#782: "Where are You?"

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Reflections by the Pond
October 17, 2016

Years ago I sent our niece and nephew a satellite image of their small town in rural Alberta, Canada, requesting that they place a mark at the location of their home. I entitled the e-mail: "Where are You?"

For some time after that, the question looped repeatedly through my mind—"Where are you? Where are you? Where are you?"—becoming one of those nagging refrains that occupies one's thoughts in the shower, or wakes one in the dark hours before dawn.

° ° °

They heard the sound of the Lord God walking in the garden in the cool of the day, and the man and his wife hid themselves from the presence of the Lord God among the trees of the garden. Then the Lord God called to the man, and said to him, "Where are you?"

Genesis 3:8-9

Does God ever have to come looking for me? One day when I was still in grade school, one of the Nelson boys invited me to join him catching crawdads down at Linn Creek. I knew it was wrong. I knew I'd get into trouble for it. And I did it anyway. Instead of going right home after school that day, I went down to the creek with the Nelson boy. I was one half-hour—all of thirty minutes—late getting home from school, and my mom was beside herself. "Where have you been? What happened to you? Are you hurt?" (After which I received a well-deserved spanking.)

Does God ever have to do that with me? Does He ever have to ask, "Where have you been? What happened to you? Are you hurt?"

° ° °

He said, "I heard the sound of You in the garden, and I was afraid because I was naked; so I hid myself." And He said, "Who told you that you were naked? Have you eaten from the tree of which I commanded you not to eat?"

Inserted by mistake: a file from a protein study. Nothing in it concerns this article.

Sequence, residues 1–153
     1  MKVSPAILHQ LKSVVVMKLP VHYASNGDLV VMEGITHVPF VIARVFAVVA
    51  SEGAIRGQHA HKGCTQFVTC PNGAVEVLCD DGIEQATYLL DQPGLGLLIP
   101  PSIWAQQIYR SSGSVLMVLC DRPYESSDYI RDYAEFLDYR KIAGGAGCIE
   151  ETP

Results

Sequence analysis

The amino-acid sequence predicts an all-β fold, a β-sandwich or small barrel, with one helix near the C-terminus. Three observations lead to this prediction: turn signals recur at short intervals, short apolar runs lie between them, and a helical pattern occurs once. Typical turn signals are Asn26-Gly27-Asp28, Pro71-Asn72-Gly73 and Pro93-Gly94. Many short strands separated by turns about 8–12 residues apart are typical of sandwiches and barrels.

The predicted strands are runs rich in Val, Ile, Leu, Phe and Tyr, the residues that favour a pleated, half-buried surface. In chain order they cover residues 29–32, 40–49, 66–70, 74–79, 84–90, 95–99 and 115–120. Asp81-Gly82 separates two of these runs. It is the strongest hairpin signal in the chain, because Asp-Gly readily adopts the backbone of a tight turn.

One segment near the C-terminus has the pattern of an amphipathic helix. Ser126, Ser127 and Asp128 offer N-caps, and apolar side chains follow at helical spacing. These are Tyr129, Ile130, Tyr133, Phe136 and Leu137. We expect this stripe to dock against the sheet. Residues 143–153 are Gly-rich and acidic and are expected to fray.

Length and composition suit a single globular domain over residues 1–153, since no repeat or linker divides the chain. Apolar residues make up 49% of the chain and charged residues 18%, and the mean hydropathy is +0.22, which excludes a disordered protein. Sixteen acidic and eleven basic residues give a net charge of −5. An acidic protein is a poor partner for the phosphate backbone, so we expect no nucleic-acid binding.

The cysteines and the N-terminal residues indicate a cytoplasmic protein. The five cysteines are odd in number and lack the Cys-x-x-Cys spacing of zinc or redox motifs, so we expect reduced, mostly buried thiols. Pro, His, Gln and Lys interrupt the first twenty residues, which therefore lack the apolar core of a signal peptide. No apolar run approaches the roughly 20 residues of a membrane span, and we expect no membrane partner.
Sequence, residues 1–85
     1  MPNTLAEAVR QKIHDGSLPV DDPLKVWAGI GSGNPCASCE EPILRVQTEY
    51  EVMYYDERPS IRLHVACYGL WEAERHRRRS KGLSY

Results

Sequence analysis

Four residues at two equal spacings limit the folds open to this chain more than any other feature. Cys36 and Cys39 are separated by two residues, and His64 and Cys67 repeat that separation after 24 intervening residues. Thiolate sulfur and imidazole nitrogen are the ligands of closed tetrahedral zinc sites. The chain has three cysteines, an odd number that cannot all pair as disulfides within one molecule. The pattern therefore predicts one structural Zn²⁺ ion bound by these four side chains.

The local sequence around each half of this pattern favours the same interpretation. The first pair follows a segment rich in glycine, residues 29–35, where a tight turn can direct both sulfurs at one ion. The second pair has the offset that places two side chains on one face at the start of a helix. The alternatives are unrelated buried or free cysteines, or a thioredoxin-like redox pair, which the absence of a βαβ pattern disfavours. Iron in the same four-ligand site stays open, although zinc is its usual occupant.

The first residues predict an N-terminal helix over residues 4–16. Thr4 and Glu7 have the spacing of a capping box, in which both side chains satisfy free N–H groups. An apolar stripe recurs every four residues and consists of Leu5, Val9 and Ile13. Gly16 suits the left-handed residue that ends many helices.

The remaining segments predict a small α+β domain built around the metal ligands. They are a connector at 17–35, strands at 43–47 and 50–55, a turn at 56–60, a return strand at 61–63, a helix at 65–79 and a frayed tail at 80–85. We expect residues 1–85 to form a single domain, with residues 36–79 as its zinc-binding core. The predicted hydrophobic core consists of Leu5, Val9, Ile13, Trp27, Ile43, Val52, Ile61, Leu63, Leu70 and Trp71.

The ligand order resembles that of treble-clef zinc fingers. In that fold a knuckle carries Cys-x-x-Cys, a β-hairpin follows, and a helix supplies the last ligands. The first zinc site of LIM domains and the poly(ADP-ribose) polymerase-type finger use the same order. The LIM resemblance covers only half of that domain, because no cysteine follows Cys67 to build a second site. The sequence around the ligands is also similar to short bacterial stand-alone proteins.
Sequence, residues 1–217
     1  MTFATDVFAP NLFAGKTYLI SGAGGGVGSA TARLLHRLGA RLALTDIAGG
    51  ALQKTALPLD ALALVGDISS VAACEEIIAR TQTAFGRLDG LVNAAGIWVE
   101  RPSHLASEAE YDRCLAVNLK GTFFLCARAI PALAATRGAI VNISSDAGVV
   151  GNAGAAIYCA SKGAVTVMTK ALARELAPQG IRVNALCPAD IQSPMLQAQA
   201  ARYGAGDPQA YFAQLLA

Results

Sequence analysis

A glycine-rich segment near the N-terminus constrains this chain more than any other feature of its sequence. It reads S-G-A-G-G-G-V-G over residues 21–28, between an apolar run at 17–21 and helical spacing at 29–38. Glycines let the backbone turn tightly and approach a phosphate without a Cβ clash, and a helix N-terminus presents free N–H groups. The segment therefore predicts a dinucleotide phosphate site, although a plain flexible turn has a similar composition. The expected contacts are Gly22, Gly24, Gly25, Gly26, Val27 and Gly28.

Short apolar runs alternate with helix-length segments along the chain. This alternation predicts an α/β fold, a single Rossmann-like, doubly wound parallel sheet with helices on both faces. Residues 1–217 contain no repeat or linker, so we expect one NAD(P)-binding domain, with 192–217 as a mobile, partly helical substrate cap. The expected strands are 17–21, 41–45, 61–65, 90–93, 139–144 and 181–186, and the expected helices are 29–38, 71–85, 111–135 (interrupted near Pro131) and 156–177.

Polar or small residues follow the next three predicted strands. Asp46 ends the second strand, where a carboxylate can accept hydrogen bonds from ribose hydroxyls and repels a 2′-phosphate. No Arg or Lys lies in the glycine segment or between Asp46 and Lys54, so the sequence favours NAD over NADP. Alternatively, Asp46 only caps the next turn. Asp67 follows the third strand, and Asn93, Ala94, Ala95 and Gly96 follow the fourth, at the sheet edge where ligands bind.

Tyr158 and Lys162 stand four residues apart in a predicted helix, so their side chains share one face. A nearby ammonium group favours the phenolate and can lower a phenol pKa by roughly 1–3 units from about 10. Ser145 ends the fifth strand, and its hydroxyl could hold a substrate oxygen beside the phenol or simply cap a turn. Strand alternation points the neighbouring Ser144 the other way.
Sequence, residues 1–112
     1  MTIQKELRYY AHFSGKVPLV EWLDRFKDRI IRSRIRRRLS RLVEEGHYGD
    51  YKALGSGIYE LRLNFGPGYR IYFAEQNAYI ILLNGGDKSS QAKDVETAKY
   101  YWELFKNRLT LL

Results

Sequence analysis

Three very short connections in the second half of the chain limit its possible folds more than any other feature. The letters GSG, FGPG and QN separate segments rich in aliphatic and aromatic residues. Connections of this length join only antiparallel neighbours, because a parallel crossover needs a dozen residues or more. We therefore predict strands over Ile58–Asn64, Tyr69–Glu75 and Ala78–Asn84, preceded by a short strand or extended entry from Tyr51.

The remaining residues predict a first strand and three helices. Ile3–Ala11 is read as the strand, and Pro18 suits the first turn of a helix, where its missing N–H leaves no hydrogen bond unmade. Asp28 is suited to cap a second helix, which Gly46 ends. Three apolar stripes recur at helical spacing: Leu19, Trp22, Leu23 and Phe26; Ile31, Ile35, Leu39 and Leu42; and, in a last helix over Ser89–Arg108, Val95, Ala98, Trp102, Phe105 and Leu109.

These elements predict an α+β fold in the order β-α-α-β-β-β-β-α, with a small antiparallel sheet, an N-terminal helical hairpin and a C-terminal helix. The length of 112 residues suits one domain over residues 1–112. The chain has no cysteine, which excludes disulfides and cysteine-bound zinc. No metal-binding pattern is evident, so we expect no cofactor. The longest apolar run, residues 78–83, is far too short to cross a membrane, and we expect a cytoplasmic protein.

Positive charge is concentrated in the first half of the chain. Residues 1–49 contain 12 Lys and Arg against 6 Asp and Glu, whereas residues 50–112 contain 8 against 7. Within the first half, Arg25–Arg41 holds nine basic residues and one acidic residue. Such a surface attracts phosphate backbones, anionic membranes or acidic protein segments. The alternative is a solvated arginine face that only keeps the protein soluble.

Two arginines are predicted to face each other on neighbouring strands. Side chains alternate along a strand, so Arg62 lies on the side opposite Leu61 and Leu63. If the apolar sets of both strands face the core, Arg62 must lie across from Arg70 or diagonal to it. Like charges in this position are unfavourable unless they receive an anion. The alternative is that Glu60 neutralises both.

Genesis 3:10-11

Wrapped in this ungainly flesh it is easy to forget how sweet are the hours spent with Him, those cool, refreshing moments of communion in which we share our lives with Him, and He shares His with us. These are moments of revival, of reawakening. Yet our flesh would pull us away from that, away from the blithe innocence we enjoy in His company.

Away from Him we become less innocent. We discover that we have been naked all along, but now, outside of the Father's presence, that discovery brings upon us a disturbing yet strangely inviting darkness. The Light that had earlier seemed comfortable and natural now hurts our eyes. And we draw back into the shadows. He comes to the garden at the appointed time, our customary hour for meeting with Him. But we are not there. He waits, for He is ever patient. But still we do not come. And He treads the path, peering left and right into the shadows, and calls out, Where are you?

All of us like sheep have gone astray,
Each of us has turned to his own way;
But the Lord has caused the iniquity of us all
To fall on Him.

Isaiah 53:6

We do not answer His call right away, for now we know we are naked. And we are ashamed. We consider ourselves no longer presentable, no longer worthy of His presence. We have stood Him up. We have gone our own way.

° ° °

When I am in the shadows, it is easy to forget who God is. My mind reverts to an earlier ignorance that whispers the lie that He is angry with me, that He seeks me out to punish and abuse me.

But the voice that calls out, Where are you? is not angry, but gentle and warm. For it is, as well, the voice of the Good Shepherd searching for the lamb that has gone astray. God no longer sees my nakedness—my sin—for He placed all of it upon the shoulders of His Son. In Christ, He seeks my company to dispense forgiveness, kindness, and compassion. And He asks only my love in return.

So I stumble out of the shadows, blinking, my eyes bright with tears. I gaze up into His warm, gentle face, and cry out, "Oh God, I am here!"